IT MAY BE LOVE
By: Angelica Hart and Zi
Excerpt from a manuscript in progress.
A misty mid-morning was gently touched by rain. The lick of the sun wanted to push the clouds apart, to spread them wide. A patter of drops could be heard splashing on the new green foliage of the maple trees.
Our Forever Rest cemetery was expecting a new guest. Herb Watkins. A good man. A father. A widower. A friend.
Eight cars were parked facing the same direction in a row on the narrow path. A small group of mourners were huddled beneath umbrellas flanking a coffin on one side. A minister stood facing them balancing his umbrella, reading from his vade mecum. It leather bound, worn by time was protected as if a sugar treasure from the rain.
The loved ones were silent. One female, his only daughter, was tearing. Frequently, wiping them from her face with a wad of tissue she had balled in her hand though not making a sound. She stood somewhat separate from the group. Wearing a dark blue pants suit and holding a blue umbrella. She was the only family he had and he hers.
The service for Herb Watkins was attended by a larger number of people then did Mr. Matters anticipate. He realized that in his private way Watkins had affected others. This was a refreshing act of support to his premise that Herb was a special man.
By many standards this would be considered a small gathering. But considering he had one living family member and by most standards he was a graybeard with few friends. An old-timer who stayed to himself. Old-fashioned. Set in is ways. A loner. Yet, he touched others in a human way.
Just prior to Mr. Matter’s eulogy he turned to his son and handed him the paper with a poem his son had written and asked, “Could you read this today for Mr. Watkins? I have realized that in some small way that you became the proxy grandson he had hoped to have. I know this is asking a lot of you but I know Herb would appreciate it. I believe that.”
Ronny took the paper, hesitated then responded, “I’ll do it.”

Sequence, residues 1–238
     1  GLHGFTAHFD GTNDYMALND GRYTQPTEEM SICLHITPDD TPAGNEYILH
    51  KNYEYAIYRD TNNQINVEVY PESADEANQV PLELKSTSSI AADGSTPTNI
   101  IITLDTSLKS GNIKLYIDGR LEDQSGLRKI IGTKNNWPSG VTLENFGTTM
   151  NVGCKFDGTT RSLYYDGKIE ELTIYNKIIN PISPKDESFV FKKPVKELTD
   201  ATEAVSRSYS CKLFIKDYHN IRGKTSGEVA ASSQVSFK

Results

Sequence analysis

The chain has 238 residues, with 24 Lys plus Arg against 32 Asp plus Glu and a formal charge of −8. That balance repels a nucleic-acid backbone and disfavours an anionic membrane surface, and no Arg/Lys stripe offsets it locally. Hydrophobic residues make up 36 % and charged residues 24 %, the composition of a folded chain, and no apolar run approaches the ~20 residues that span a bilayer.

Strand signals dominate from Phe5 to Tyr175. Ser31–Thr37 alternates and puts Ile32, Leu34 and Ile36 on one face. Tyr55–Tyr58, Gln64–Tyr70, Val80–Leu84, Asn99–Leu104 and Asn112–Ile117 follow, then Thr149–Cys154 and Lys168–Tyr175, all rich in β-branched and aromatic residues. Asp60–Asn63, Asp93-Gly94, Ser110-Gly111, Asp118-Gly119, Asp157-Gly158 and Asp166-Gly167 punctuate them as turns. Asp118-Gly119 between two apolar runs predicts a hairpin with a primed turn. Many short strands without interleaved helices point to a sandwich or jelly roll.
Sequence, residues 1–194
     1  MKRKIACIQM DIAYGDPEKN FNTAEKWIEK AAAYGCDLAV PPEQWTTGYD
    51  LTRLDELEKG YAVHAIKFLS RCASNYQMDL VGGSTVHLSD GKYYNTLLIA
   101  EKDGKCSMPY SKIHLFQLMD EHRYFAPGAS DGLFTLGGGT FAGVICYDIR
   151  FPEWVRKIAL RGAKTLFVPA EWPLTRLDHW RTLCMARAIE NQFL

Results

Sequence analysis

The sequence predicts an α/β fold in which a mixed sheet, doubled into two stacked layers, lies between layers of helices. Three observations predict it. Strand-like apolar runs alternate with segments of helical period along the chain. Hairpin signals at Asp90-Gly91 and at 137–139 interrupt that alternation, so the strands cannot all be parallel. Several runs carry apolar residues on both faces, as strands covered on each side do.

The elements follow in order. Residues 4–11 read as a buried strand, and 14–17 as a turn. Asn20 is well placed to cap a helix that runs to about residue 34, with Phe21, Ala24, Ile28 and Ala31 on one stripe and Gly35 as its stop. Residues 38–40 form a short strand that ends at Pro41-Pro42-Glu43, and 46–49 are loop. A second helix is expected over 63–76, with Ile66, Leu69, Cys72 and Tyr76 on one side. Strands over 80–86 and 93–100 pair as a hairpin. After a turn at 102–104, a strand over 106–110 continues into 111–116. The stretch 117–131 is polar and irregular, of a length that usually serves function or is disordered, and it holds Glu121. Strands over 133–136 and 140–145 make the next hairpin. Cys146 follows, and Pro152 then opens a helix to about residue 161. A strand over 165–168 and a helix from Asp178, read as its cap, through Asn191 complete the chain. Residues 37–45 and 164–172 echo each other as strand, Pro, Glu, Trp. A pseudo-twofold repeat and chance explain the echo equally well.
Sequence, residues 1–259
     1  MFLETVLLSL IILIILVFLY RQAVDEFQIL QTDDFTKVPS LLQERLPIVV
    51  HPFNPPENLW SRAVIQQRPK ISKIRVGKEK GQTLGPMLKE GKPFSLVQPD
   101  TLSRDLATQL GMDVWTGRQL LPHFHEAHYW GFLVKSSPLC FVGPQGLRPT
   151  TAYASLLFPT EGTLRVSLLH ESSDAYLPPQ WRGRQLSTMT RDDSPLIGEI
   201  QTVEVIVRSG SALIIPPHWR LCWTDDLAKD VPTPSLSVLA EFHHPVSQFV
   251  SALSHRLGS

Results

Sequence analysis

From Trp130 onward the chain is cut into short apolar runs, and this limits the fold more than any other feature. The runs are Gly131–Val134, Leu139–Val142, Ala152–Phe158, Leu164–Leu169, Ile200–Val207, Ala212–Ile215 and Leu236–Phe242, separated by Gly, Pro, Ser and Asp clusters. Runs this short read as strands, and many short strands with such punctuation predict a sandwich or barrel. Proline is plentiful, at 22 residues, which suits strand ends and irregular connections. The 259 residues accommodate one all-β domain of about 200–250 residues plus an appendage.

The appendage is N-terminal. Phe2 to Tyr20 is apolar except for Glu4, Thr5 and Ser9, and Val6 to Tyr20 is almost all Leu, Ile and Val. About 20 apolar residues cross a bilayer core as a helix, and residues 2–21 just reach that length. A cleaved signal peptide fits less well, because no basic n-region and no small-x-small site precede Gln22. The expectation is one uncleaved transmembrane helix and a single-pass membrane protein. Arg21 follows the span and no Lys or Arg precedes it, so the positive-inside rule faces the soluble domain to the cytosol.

Ronny unfolded the paper his father had handed him, and looked at for a long twenty seconds. Raised his now reddening eyes to peer at the mourners and began, “I have titled this PROXY GRANDFATHERS IN PERPETUITY.
The nevers are far too many
Sad that is
Their scars time-lines of a hard life
Each worn with honor and respect
Time etched masterpieces
Speaking of wisdom
Each man’s skin was aged by time
I stand before men of advance age
Humble and proud
I, a young manRaw with possibilities
Humbled by all of their successes
And proud that they are my
Proxy grandfathers in perpetuity.”
He folded the paper, raised his eyes again and put the work into his coat pocket.
Ronny spoke, “Mr. Watkins was my friend. And I am lucky for that. Thank you all for letting me share my words.” Then he sat.
His father approached the podium and said with a quiver in his voice, “I have never been more proud as a father then I am today…”
The manuscript, IT MAY BE LOVE, is a romance of a young woman, Mr. Watkins’ daughter, who was looking for online love, and found mystery and danger.
We share this specific piece because it highlights our ample respect for the elderly and in light of one of our works in re-progress, a romantic thriller which has a backdrop of folks at an Assisted Living Facilities being in great peril… we felt it apt. Our minds were with those of advanced years. We adore the oldies.
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